I love being Indigenous. Don’t you? As we go forward, The Urban Indigenous Woman is going to be talking a lot about health disparities, lack of access to education and services needed, identity crisis issues that impact our health, sexual violence and so much more. You might get the idea that to be an Indigenous woman, much less an urban Indigenous woman, is a terrible, heartbreaking thing. I thought we should have a little conversation first about how wonderful it is to be an Indigenous woman.
My story is this: I was adopted by a white couple at two years old, along with my younger brother. My adoptive parents were originally told that my brother and I had different fathers and that his was Indigenous and mine was completely unknown. It didn’t take long, however, for that to be questioned because when people looked at me they frequently thought I was “something” other than white. Later we realized from paperwork we had both carried the last name of one man and he had signed off on his parental rights to both of us alongside our birth-mother when she turned us over to the state. He had told the adoption agency that his parents were both full-blood American Indians, but because his mother died when he was 7, he and his siblings had been scattered around the country and didn’t really reconnect much. My adoptive parents did the best they could to promote our access to diverse circles of friends. They took us to the local pow wow twice a year, every year, and they made sure to correct the typical misinformation or half-truths we learned in school. I can only speak to what it’s like to be a light-skinned Indigenous girl who wasn’t entirely sure of who she was for years, who was often mistaken for other cultures and was disconnected from her people. Any connections I could make with other Indigenous people were therefore hyper-important to me, and it has made me not take for granted what it means to be Indigenous. I have had to fight for the label and educate myself the hard way about what it means and the responsibilities that come with it.
I love being Indigenous but I don’t romanticize it. As other Indigenous women reading this will attest, being Indigenous doesn’t mean we don’t pay taxes, are getting wealthy from the casinos or have a free ride to college. It also doesn’t mean we have some mystical connection to the earth and animals. It does mean that we have a rich cultural heritage, with a long and amazing history. That history is apparent in so many of the foods and medicines taken for granted in modern contexts, as well as in many of the social justice movements and methods that exist today. Indigenous women have always been at the forefront of addressing women’s and children’s rights, environmental responsibility and natural living options. Our people were “green” long before the term was coined. Indigenous people also carry with us into the future traditional storytelling that has informed modern psychology and other art forms that continue to enrich the lives of all.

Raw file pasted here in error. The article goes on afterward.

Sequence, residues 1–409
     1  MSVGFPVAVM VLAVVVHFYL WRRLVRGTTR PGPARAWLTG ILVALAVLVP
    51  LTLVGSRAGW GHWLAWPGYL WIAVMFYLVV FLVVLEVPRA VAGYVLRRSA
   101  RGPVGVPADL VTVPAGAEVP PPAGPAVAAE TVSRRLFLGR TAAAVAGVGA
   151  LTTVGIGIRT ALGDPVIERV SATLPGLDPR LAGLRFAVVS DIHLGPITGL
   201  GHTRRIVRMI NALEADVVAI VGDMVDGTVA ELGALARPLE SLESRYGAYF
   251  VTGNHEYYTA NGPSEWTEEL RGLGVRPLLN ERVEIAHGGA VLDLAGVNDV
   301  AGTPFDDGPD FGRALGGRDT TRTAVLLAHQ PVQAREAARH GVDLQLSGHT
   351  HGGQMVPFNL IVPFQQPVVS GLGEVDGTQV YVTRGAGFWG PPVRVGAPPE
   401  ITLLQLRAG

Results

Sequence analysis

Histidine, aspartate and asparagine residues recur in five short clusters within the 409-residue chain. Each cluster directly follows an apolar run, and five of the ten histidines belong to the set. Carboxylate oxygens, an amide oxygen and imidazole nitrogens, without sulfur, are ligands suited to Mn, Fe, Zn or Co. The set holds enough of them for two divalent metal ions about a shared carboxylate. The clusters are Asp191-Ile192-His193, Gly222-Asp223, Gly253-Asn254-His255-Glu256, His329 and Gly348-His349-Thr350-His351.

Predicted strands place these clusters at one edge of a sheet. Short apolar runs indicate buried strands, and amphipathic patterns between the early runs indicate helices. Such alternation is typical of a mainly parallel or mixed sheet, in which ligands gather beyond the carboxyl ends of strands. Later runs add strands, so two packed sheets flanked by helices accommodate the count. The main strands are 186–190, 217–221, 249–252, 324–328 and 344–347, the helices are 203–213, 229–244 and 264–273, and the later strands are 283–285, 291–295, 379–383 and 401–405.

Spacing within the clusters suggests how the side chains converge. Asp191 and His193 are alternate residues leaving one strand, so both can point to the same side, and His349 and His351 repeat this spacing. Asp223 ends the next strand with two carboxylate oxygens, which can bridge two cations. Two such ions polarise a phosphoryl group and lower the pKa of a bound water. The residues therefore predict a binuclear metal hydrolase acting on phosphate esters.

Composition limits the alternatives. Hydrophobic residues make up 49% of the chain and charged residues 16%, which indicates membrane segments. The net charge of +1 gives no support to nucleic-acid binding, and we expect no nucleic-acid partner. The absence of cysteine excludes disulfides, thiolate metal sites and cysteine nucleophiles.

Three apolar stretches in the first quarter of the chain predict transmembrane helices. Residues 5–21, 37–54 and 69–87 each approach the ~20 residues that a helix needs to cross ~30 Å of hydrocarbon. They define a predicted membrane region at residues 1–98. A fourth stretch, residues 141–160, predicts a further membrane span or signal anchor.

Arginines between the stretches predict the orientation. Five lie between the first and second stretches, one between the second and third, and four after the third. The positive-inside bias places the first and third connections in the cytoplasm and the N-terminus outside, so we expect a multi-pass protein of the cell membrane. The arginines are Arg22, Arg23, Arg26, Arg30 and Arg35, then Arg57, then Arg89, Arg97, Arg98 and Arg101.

I love being Indigenous because of the diversity of Indigenous identity, thought and practice. It was amazing to me to discover that traditionally LGBTQ people were respected within my tribe and many others. It was exciting to me to find out that some of my natural tendencies to thwart Eurocentric and Christianized ideals of gender were mirrored in traditional cultures where such strict gender norms had not, in fact, been the norm at all.
I love being Indigenous because it connects me to the wisdom of ancestors who centuries ago had already formed a more egalitarian society where women were honored and children were adored. As a doula, I love being able to bring into my care for mothers traditions and knowledge from my foremothers, as well as the natural healing options that our elders have retained and lovingly shared with us.
I love being Indigenous because Indigenous doesn’t look one way and I am bound to my Black Indian friends just as I am bound to other Indigenous people, with great love for the ways our cultures have blended within us. Our spirituality is deepened by the blending of perspectives and practices.
Over the course of this column, we will be having conversations about so many of the challenges we face as urban Indigenous women. It is important we not forget the blessings of being Indigenous. It is important also for non-Indigenous people who engage in conversations with us here and elsewhere to know that we are proud of who we are, not in spite of our struggles, but because we are far more complex and have more to our stories. What do you love most about being an Indigenous woman?